As a former moderator of the Asian American Students Alliance, I would like to applaud Gordon Siu for astutely pointing out AASA’s misstep in publishing a poverty statistic out of context (“AASA fails to meet its mission,” Feb. 11). AASA indeed missed out on an opportunity to explain how statistics can mask the fact that many facets of the Asian American community continue to be underserved.
But Siu goes too far in saying Yale would be better off if AASA did not exist. Rather, ethnic organizations such as AASA have long been ardent voices for racial equity and social justice on campus, even before the cultural houses came into existence. AASA and other ethnic organizations at Yale have, on many occasions, courageously protested acts of racism and prejudice on campus. Even in recent years, AASA has played an integral role in responding to incidents of violence directed at minority students, the publication of offensive articles in campus publications and hate speech spray-painted onto University property.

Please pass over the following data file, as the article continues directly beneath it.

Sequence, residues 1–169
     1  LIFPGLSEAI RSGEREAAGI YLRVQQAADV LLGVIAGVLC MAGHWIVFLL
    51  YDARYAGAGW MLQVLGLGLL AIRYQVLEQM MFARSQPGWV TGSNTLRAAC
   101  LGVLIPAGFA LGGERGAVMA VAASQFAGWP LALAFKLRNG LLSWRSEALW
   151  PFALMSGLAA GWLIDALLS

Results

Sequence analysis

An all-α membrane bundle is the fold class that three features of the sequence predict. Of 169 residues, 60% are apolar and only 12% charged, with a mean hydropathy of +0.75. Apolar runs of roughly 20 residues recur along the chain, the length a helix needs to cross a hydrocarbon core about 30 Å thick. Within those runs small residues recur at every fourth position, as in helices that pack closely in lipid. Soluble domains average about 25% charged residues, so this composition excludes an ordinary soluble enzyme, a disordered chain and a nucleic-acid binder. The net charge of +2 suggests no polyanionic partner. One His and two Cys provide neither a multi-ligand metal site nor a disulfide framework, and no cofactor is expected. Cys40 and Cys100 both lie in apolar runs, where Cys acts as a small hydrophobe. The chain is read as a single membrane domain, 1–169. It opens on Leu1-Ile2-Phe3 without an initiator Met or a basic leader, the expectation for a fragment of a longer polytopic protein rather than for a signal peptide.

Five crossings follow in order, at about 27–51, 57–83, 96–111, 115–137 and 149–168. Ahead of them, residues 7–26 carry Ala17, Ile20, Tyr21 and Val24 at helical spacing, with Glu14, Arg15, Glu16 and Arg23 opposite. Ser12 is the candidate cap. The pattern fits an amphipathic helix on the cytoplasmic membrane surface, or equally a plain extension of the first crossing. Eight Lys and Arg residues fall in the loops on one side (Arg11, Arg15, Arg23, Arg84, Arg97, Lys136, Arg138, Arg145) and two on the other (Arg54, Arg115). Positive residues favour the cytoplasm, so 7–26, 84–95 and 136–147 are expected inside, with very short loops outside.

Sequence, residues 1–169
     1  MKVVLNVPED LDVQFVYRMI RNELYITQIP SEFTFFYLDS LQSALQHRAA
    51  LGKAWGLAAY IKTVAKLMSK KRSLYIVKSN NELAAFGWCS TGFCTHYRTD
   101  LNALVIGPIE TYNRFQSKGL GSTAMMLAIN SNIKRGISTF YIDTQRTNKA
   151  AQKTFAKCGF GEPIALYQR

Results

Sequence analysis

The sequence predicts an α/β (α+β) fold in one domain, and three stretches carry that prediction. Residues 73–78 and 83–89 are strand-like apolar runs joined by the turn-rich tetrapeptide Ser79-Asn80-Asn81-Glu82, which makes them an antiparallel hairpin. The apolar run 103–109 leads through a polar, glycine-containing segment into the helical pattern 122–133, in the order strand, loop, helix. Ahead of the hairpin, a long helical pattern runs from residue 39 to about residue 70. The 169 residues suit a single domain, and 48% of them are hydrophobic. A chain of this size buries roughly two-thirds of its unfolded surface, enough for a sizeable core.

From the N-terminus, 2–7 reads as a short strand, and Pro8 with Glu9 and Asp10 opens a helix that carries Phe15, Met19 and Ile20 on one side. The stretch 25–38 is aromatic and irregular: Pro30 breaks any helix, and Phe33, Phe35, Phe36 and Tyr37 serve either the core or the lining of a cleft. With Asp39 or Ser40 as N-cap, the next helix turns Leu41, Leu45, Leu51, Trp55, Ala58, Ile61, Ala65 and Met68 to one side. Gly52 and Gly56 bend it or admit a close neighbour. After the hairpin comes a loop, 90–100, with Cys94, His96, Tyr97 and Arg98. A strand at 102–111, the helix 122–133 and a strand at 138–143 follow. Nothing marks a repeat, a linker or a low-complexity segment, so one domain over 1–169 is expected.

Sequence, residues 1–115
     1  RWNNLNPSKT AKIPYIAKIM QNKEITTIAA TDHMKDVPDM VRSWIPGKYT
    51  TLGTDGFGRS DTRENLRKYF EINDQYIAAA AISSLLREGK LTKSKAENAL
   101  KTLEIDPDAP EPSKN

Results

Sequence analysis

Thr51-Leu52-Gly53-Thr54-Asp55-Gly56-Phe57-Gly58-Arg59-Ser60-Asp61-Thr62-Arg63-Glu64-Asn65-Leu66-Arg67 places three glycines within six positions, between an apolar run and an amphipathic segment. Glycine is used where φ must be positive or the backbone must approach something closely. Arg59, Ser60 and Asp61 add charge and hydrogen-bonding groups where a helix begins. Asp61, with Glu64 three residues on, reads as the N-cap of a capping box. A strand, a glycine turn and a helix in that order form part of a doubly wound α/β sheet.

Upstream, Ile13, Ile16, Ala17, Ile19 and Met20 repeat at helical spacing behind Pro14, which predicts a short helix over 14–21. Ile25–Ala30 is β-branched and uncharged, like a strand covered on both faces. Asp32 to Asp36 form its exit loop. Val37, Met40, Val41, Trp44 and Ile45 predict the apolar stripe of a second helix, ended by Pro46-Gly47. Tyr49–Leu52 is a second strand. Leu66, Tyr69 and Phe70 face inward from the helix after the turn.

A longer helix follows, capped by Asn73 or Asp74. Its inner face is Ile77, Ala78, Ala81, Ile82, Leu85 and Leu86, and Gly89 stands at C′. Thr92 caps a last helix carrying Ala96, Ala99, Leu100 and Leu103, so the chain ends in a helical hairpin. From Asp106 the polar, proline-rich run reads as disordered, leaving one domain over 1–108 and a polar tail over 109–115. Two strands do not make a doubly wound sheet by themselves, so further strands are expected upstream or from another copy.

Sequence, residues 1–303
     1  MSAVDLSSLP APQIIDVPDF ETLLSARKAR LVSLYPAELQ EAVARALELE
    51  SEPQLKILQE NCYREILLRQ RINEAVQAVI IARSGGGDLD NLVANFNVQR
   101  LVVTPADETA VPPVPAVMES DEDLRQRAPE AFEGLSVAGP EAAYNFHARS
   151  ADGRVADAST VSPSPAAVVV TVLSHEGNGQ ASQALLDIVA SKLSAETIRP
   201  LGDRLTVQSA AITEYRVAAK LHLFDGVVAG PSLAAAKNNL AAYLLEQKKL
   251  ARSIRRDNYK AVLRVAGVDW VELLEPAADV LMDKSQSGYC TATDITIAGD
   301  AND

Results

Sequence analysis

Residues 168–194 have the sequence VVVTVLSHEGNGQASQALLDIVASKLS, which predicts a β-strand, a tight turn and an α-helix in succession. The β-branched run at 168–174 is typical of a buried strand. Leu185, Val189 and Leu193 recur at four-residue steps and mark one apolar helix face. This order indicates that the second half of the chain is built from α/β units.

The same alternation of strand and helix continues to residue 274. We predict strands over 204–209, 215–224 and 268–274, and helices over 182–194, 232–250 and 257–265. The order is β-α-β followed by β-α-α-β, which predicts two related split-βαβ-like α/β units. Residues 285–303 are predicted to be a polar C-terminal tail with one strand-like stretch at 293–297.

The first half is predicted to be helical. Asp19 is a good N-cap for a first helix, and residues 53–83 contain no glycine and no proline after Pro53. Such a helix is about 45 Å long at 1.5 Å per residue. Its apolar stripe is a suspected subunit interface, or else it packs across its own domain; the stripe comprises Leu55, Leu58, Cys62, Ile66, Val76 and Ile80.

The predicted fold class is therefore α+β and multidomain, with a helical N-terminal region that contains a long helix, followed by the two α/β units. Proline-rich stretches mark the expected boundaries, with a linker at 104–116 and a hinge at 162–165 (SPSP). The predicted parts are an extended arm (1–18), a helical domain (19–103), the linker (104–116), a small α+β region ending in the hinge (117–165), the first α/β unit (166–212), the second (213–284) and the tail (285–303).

It is preposterous to write off AASA’s existence and dismiss its long history of combating intolerance on the basis of one error in judgment. In fact, Siu’s column simply reaffirms the necessity of strong ethnic organizations like AASA to raise awareness about ongoing injustices the Asian American community faces both locally and nationally. I suggest that Siu step up and take a leadership position in AASA; maybe then he’ll see its immense potential as a force for good.
The writer, a former editor of the Yale Daily News Magazine, is a 2007 graduate of Calhoun College and former moderator of the Asian American Students Association.